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Manatees, Florida’s Gentle Giants

In today’s post, naturalist and wildlife photographer Stan Tekiela shares with us his knowledge of Manatees, Florida’s gentle giants.

I am continuing with my exploration of the wonders of Florida by taking a closer look at the Florida Manatee. Also known as the West Indian Manatee (Trichechus manatus latirostris) or the Sea Cow, the manatee was one of the original 78 species that were included on the Endangered Species list when the Endangered Species Preservation Act was first passed into law in 1966.

Stan Tekiela

The Florida Manatee is one of two subspecies of the West Indian Manatee. The other subspecies is the Antillean Manatee, which occurs from Brazil to Mexico. The Florida Manatee is found along the Atlantic coast from the Carolinas, Georgia, and Florida, and also in the Gulf of Mexico from Florida to Texas. However, the main concentration is found in and around Florida.

Manatees are large marine mammals, with adults weighting on average 1,000 pounds, with some as much as 1,500 lbs. They have an average length of 12 to 14 feet. Like elephants, they continue to grow throughout their lives; the largest manatee ever recorded was 13 feet 4 inches and weighed more than 3,200 lbs. When you first see one of these animals in person, up close, you realize just how massive they are.

These large aquatic mammals are gray and sparsely covered with hair. They have large forelimbs, which are better described as flippers, and they have no hind limbs. They do have a large, wide tail used for swimming; when you see them swimming, they look like they are in extreme slow motion. They have tiny eyes but can see very well; although they don’t have any external ear openings, they do hear very well. They have flat valves that cover their nostrils when underwater. Being air-breathing animals, manatees need to surface every 3-5 minutes to breathe, but they can remain submerged for up to 15 minutes if necessary.

These gentle giants spend most of their day sleeping and feeding on aquatic plants. They consume about 150 pounds of vegetation each day, using their eyesight to find the food.


Florida Manatee taken in central Forida in the wild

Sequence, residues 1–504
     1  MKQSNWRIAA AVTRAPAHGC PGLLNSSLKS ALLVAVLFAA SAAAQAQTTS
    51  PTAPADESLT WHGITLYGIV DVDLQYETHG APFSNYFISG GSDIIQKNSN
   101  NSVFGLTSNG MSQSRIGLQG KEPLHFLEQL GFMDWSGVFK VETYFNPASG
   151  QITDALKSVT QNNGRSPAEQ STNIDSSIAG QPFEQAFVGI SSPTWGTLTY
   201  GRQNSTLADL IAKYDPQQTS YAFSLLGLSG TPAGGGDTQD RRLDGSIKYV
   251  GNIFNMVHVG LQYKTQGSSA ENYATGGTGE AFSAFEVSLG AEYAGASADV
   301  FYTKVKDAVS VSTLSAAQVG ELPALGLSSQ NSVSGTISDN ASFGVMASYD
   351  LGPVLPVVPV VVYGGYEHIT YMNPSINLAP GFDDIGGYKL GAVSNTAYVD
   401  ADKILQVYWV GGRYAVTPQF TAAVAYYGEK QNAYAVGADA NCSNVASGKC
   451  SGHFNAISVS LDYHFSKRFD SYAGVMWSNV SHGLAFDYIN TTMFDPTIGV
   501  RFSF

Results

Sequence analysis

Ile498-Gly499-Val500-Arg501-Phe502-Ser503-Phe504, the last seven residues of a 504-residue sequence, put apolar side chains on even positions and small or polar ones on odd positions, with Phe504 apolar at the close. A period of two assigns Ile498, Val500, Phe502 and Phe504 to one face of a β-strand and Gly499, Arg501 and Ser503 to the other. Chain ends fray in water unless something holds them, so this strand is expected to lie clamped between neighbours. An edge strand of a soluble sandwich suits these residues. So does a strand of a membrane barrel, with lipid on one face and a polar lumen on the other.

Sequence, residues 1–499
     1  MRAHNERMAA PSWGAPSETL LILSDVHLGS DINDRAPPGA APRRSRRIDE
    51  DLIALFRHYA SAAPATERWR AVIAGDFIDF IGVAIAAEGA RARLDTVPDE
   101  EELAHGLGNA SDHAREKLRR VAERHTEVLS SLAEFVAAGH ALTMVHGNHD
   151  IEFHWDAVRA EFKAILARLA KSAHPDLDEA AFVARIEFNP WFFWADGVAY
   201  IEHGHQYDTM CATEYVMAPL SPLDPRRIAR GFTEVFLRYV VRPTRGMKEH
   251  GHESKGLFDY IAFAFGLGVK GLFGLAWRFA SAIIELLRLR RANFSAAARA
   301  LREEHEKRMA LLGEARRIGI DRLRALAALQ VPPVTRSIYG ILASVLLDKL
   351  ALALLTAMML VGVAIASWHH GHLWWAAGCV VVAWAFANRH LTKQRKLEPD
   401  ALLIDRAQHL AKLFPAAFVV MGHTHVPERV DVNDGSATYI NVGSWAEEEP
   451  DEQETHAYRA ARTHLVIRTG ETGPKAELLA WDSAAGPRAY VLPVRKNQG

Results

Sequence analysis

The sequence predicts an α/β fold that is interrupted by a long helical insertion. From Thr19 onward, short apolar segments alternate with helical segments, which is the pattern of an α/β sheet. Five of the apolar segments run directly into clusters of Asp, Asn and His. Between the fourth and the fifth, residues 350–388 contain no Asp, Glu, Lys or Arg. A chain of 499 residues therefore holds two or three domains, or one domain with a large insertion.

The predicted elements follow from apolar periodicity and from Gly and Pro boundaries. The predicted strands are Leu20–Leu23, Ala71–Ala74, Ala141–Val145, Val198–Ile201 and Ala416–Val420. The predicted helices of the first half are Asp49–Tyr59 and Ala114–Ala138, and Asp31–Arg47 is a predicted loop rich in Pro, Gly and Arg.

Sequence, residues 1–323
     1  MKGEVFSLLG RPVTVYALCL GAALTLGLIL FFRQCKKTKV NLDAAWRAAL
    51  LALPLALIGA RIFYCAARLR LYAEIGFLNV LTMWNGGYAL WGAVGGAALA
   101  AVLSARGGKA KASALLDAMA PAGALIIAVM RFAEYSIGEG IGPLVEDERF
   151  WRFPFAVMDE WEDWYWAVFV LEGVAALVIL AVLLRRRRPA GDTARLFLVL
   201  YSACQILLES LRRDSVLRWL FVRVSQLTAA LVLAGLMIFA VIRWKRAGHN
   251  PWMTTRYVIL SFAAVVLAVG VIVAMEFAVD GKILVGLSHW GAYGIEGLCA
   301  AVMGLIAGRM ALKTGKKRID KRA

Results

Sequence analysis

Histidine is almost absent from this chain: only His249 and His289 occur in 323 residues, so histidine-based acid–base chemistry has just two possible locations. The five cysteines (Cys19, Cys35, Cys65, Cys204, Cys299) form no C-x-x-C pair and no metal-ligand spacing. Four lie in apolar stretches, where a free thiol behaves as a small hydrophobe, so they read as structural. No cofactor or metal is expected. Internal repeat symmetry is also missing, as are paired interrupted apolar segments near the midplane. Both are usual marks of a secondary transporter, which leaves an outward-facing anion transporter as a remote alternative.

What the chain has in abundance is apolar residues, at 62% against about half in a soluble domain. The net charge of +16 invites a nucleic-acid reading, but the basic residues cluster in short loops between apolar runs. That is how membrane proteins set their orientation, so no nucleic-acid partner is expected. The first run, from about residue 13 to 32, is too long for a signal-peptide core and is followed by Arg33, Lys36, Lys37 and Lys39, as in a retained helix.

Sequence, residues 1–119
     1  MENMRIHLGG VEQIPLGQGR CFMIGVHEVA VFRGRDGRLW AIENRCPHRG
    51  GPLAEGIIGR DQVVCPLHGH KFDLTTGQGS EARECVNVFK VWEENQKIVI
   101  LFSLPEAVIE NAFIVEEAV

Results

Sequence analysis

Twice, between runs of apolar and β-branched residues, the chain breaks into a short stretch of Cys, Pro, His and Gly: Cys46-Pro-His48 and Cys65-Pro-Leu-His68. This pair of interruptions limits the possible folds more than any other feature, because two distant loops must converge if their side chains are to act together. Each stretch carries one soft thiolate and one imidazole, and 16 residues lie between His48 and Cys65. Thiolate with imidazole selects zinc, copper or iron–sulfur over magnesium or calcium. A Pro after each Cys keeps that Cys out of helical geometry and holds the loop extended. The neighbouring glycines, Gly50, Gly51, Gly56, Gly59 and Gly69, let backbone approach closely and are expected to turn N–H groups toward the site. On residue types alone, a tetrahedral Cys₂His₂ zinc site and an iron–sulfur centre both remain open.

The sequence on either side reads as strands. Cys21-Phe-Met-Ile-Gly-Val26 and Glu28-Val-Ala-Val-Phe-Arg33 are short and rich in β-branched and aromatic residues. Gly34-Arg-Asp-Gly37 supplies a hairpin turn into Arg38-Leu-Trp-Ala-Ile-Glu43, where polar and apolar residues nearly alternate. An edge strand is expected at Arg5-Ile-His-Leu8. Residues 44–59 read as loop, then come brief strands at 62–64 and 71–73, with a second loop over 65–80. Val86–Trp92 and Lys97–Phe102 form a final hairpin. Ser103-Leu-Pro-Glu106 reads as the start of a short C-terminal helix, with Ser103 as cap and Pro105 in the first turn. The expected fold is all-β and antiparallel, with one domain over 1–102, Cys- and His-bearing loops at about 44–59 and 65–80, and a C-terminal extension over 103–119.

Female manatees become sexually mature at 4-5 years of age. Mothers give birth to a single calf once every two to five years. Only rarely do they have twins. Calves weigh about 75 to 90 pounds upon birth and are more than 6 feet long. Because these are marine mammals, the calves suckle milk from their mothers for the first 5-6 months and start eating aquatic vegetation at 3-5 months. Most calves stay with their mothers for up to 2 years before moving out on their own. During this time, the calves learn what kinds of plants are good to eat, where the warm water refuges are located, and the migratory route from their mothers.

Today there are about 6,300 manatees in Florida. This is up from a low of about 1,200 about 25 years ago. They are still on the endangered species list; however, due to improved protection and reduction in direct threats to their habitat, they are now recommended to be moved to the Threatened Species list.

I’m always drawn to writing stories about endangered species. And I have always felt that education is the key to helping to save wildlife from extinction. I have dedicated my entire career, over 30 years, to environmental education, in the hopes that, as our society becomes educated about wildlife, we can make better decisions to save our planet and all the wildlife that it holds. It warms my heart to see such a magnificent animal doing much better than the first time I saw one back in the 1970s.

The next time you are in Florida, it would be well worth your time and effort to see these magnificence marine mammals.

If you enjoyed Stan’s post, you may consider one of his amazing nature books: Majestic Eagles; The Lives of Wolves, Coyotes, and Foxes; or Backyard Birds: Welcomed Guests at our Gardens and Feeders. Young readers will delight in his award-winning children’s books, such as Whose Butt?Critter Litter, and his latest,  Jump, Little Wood Ducks.

You can follow Stan on Facebook and Twitteror contact him via his web page. Stan’s nationally syndicated NatureSmart Column appears in more than 25 cities spanning 5 states (Minnesota, Wisconsin, Michigan, Illinois, and Pennsylvania) and is circulated to more than 750,000 readers. Stan’s author page on Amazon features some amazing videos! Check them out, and follow him for updates.

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More posts from Stan:
Indigo Bunting—A Familiar Summer Visitor
The Nesting Behaviors of Sandhill Cranes
Big Birds, Baby Birds, Birds Everywhere
Stan Tekiela observes Marsh Wrens 
The Magical, Mystical World of Sandhill Cranes

Liliane Opsomer
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